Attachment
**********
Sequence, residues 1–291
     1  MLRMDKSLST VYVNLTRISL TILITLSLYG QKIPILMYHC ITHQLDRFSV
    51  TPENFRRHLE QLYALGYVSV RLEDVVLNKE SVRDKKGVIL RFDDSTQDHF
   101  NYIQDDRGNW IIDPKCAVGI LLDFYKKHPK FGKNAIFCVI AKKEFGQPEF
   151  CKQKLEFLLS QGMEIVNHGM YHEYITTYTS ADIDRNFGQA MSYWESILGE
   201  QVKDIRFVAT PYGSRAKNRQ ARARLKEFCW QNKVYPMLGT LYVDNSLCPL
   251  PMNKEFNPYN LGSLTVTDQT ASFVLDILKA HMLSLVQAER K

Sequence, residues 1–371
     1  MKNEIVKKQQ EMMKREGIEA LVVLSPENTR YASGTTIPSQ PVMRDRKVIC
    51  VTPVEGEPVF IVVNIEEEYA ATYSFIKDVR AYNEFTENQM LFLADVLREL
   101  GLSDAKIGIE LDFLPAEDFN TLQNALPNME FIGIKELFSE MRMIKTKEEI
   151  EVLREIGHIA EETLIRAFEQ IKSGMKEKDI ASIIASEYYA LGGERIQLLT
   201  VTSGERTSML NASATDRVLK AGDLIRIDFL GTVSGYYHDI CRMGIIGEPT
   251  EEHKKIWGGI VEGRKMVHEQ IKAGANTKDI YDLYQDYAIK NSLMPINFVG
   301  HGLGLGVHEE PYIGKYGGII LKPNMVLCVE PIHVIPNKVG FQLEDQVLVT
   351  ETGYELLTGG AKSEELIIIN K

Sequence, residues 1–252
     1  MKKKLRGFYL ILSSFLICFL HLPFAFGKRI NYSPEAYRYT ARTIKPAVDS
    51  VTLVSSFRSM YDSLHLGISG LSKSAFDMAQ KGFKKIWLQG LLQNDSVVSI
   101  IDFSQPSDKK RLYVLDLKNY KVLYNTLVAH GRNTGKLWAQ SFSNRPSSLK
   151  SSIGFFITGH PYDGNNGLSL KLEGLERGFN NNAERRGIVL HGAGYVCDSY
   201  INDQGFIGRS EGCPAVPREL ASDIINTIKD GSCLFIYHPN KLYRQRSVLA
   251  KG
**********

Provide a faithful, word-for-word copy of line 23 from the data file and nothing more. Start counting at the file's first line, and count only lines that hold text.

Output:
   251  KG